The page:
Kindred by Octavia E. Butler
Kindred is a dark and deeply disturbing novel that predominantly explores the lives of slaves in the antebellum South through the eyes of a time-travelling protagonist. The fact that this protagonist, Dana, is a woman of colour from the 1970s allows Butler to show a strong juxtaposition between the world that Dana knows and the world she finds herself unwittingly thrust into.
The story itself is told entirely from Dana’s perspective, and follows her as she is bounced back and forth in time. Her home is in 1970s California, where she is settling into a new property with her (white) husband, Kevin, while her trips to the past take her to the pre-Civil War Maryland plantation of Rufus, the son of a wealthy white landowner. Between trips, she piece together evidence to suggest that Rufus could be one of her ancestors, and that the daughter of one of the local freed slaves may be as well. In one trip, she also inadvertently brings Kevin along with her, resulting in him being left behind when she is bounced back to the present. They reunite on Dana’s next trip, though five years have passed for Kevin, leaving him bitter and cold at the atrocities he witnessed while he was in the past. The novel ends with Dana killing Rufus and returning to the present for the last time, losing an arm in the process.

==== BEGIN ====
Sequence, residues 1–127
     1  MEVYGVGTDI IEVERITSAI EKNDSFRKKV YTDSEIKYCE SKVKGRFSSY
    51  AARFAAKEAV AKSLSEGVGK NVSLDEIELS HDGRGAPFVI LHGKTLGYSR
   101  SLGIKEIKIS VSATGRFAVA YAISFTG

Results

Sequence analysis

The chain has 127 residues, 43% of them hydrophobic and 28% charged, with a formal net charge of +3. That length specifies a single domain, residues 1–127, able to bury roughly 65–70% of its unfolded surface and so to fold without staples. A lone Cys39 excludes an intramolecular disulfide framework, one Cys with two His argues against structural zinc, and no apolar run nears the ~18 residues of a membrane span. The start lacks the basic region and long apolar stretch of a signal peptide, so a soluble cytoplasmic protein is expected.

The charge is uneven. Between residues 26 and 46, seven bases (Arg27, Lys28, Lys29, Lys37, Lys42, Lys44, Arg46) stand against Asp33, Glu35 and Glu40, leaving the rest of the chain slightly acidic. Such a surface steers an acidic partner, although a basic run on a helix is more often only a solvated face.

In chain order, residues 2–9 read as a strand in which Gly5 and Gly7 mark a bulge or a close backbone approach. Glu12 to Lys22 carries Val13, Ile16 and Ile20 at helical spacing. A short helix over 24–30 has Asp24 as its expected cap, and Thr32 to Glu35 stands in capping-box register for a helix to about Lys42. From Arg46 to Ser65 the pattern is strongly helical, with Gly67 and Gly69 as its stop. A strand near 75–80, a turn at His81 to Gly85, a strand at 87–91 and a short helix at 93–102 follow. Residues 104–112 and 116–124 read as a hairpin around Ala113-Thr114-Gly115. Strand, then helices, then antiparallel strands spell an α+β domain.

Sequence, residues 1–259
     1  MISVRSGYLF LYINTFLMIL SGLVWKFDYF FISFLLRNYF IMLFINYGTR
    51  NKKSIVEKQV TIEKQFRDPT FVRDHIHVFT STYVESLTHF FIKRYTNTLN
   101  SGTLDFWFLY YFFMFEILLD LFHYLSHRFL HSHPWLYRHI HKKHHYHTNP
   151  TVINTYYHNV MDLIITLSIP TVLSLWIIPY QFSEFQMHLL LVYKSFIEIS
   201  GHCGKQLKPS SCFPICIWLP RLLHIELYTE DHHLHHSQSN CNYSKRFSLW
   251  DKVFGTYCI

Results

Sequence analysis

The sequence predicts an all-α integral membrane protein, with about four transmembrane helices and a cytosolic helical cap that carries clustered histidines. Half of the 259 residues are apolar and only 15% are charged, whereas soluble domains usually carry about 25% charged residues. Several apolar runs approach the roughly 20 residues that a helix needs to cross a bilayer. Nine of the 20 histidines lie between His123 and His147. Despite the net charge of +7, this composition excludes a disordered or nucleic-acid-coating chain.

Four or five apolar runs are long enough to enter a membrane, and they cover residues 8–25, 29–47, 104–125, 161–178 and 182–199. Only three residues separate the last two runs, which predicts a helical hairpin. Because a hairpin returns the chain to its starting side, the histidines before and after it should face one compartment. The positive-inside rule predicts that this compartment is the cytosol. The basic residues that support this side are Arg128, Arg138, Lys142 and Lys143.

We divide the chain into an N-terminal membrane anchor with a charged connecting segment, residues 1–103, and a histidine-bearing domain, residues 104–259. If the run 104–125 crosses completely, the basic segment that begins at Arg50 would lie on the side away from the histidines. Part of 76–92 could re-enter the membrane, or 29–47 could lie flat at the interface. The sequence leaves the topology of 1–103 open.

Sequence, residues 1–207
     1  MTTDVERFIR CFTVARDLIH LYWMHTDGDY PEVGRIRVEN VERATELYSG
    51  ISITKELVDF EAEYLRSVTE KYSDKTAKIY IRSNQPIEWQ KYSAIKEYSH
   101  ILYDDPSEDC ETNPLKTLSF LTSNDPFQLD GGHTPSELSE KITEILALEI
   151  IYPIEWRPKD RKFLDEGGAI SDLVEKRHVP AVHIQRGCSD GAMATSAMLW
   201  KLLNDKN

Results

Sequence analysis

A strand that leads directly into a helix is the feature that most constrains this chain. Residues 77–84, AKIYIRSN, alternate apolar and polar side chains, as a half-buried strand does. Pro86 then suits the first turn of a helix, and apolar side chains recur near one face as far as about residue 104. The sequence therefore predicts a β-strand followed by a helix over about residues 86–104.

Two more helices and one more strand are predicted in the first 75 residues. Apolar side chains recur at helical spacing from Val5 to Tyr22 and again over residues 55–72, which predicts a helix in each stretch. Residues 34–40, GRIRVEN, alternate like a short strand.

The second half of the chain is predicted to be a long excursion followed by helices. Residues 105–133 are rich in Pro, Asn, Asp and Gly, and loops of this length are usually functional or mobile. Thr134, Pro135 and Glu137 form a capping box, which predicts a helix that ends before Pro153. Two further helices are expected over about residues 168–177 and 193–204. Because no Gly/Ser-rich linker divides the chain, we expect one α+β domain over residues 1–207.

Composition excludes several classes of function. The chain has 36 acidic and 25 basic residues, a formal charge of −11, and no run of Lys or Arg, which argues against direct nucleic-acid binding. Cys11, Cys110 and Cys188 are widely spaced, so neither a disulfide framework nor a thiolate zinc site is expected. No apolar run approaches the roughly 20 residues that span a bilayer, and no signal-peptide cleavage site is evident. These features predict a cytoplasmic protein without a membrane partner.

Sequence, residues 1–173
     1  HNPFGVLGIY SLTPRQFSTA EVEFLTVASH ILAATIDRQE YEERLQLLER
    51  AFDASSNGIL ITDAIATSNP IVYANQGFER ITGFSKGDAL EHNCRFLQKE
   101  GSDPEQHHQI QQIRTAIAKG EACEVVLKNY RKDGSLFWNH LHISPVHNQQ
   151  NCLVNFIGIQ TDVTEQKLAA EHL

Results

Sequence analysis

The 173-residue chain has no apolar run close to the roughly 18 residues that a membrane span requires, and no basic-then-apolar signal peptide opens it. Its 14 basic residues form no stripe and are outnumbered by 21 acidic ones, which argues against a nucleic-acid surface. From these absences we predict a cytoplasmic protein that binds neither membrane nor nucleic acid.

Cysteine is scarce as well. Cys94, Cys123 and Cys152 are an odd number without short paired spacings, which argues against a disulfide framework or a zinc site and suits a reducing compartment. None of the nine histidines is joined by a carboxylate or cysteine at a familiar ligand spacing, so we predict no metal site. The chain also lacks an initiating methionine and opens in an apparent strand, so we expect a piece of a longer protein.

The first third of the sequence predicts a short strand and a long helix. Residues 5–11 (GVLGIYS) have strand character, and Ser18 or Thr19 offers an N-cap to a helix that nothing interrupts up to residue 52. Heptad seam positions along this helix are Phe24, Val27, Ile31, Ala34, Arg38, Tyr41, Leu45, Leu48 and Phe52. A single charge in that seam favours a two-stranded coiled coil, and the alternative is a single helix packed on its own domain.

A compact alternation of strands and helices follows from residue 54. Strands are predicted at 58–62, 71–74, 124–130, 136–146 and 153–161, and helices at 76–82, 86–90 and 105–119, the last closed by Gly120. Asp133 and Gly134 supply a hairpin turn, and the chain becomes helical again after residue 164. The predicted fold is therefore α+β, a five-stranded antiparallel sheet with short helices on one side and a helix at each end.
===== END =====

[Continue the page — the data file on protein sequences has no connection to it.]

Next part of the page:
This is not an easy story to read as it highlights some of the worst elements of racism and discrimination inherent in American society during the first half of the nineteenth century, and the almost casual way in which people of colour were dehumanised by their owners at the time. In portraying the slave/master dynamic, Butler rarely pulls her punches. The slave owners are shown to be cruel almost to the point of sadism, though in most cases this appears to be simply a side-effect of the near-institutional belief that the slaves are nothing more than property, objects to be bought and sold, and used for the betterment of the whites. It’s obvious that Butler wants to shock the reader into thinking about the subject matter, that she wants the reader to explore the historical and social notions of slavery that she presents within the narrative, and she does this with skill.
Having read a large chunk of Octavia E. Butler’s work over the last few months, I really wanted to love this book. However, while I found it to be an engrossing and thought provoking read, I don’t think it’s quite worthy of a full five stars.